Studies have shown that eating an egg a day can actually reduce the risk of stroke, a condition where a blood vessel bursts in the brain or a blood clot stop the flow of blood in the brain. Either type of stroke is a medical emergency and potentially fatal. Stroke is in the top ten causes of death in the United States.
According to studies conducted by the EpidStat Institute of Ann Arbor, Michigan between 1982 and 2015, the reduction in the risk of stroke from eating an egg a day is about 12 percent. This finding, which was published in the Journal of the American College of Nutrition, is part of an overall evaluation of the role foods thought to be high in cholesterol have on overall health.
Both coronary heart disease and stroke were studied. Though the consumption of an egg a day didn’t seem to effect the risk of heart disease, it did have an impact on stroke. Medical and nutrition experts are not quite sure why this is.
Cholesterol is a type of fat that the body uses to make hormones and cell membranes. There are several types of cholesterol, but people are mostly interested in LDL and HDL cholesterol.
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Because the body can’t dissolve cholesterol in the blood, it needs to be transported by substances called lipoproteins, which are made in the liver along with cholesterol itself. Low-density lipoprotein or LDL is responsible for transporting most of the body’s cholesterol. Though it is not harmful when its levels are normal, it can adhere to the inside lining of the arteries. This can form plaques that put the person at risk for atherosclerosis and cardiovascular disease. Optimal levels of LDL cholesterol are 100 to 129 milligram per deciliter.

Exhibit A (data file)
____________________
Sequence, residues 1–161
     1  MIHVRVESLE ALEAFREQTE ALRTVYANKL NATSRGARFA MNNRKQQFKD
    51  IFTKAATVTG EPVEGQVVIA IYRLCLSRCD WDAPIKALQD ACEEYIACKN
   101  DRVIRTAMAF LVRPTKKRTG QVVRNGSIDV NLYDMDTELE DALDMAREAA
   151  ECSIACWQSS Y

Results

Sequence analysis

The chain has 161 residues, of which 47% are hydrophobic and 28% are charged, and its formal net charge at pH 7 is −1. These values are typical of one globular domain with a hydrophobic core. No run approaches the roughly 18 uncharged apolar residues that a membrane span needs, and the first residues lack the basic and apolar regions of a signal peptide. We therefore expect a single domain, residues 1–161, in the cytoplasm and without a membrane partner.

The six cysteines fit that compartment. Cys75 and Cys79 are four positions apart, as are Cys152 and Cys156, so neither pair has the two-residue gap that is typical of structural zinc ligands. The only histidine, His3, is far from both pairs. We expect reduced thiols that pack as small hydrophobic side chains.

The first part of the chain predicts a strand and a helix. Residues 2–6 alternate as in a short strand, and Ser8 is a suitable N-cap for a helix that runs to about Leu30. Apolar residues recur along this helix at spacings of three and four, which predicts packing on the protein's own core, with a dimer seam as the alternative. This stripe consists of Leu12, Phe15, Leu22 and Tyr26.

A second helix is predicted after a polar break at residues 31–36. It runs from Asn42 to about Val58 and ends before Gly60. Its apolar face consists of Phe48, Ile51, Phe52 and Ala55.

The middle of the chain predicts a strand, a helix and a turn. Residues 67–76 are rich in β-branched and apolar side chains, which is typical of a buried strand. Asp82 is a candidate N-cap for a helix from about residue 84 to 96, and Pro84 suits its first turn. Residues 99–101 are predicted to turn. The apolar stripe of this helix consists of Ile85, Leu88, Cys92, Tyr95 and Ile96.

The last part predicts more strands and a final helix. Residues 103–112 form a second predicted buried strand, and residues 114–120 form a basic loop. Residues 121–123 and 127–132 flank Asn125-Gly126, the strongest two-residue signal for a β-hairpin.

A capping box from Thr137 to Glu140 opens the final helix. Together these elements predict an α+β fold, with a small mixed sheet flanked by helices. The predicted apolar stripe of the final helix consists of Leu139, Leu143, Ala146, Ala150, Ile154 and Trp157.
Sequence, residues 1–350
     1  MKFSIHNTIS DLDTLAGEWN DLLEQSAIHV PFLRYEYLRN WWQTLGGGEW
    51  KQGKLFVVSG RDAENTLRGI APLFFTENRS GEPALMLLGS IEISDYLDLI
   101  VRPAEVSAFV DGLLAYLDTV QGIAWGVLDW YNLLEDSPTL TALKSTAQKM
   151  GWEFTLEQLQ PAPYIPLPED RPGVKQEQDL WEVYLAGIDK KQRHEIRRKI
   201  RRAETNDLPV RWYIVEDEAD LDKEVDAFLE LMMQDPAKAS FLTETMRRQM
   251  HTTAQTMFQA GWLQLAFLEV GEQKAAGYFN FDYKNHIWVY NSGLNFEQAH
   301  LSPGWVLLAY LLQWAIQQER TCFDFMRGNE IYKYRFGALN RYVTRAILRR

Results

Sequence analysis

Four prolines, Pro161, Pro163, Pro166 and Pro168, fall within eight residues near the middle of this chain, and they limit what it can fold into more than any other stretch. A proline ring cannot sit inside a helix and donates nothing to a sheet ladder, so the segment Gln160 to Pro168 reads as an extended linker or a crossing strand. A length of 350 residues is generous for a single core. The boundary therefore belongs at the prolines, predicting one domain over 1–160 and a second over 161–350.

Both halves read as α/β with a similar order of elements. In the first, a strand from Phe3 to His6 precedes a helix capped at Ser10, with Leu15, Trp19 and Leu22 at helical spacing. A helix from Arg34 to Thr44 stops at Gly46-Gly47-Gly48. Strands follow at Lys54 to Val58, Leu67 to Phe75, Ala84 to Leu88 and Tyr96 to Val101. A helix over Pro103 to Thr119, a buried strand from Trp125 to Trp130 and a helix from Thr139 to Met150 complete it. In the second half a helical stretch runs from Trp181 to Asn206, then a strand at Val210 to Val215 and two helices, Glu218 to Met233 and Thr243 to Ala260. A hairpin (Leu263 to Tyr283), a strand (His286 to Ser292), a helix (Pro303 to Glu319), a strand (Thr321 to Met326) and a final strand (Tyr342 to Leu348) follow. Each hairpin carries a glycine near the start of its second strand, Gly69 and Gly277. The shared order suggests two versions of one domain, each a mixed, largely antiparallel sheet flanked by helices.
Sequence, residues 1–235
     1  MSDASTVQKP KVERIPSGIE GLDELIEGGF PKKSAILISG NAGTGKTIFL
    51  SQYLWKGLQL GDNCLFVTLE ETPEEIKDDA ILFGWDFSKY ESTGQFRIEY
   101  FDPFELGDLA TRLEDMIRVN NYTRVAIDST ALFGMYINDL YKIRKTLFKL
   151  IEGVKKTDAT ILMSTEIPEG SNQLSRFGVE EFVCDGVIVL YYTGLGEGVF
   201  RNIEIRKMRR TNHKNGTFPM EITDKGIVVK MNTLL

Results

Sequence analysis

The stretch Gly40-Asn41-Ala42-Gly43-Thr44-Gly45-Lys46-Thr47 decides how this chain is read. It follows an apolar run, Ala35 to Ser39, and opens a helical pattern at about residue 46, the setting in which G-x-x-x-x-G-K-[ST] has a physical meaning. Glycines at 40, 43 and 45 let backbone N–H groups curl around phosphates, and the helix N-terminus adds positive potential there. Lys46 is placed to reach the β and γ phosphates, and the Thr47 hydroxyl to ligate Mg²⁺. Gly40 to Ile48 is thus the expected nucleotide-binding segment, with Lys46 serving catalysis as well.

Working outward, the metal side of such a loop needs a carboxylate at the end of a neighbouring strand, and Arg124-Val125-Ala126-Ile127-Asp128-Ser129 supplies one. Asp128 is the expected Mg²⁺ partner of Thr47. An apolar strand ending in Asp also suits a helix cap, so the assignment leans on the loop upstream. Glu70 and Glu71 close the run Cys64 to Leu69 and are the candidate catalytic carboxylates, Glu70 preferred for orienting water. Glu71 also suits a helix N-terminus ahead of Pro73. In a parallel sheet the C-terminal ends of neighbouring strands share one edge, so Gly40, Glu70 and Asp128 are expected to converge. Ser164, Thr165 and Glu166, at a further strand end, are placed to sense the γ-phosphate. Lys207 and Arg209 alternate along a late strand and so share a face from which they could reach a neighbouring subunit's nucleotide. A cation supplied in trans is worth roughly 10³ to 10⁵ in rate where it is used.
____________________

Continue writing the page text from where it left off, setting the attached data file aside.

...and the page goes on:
High-density lipoprotein or HDL is considered the “good” cholesterol. It’s considered good because it finds excess LDL cholesterol and carries it to the liver, where it can be reprocessed or excreted. This is how HDL cholesterol protects against cardiovascular disease. Optimal levels of HDL cholesterol are 60 mg/dL and over. The best levels for complete cholesterol levels are lower than 200 mg/dL.
One of the reasons that experts believe that eggs help lower the risk of stroke is that the yolk contains omega-3 fatty acids, which naturally lower levels of LDL cholesterol while increasing the levels of HDL molecules. Eggs not only help increase the amount of HDL in the bloodstream but allow it to do its job more efficiently. Eggs are also very high in choline and other B vitamins and give a person 100 percent of the daily values of vitamins A, D, E and K. Both vitamin A and E are antioxidants, which protect the body from being damaged by free radical molecules. This protection extends to the cardiovascular system.
Thanks to this study and others, people who were wary of eating an egg a day should take comfort. An egg a day not only doesn’t raise the levels of “bad” cholesterol but can actually reduce their risk of stroke.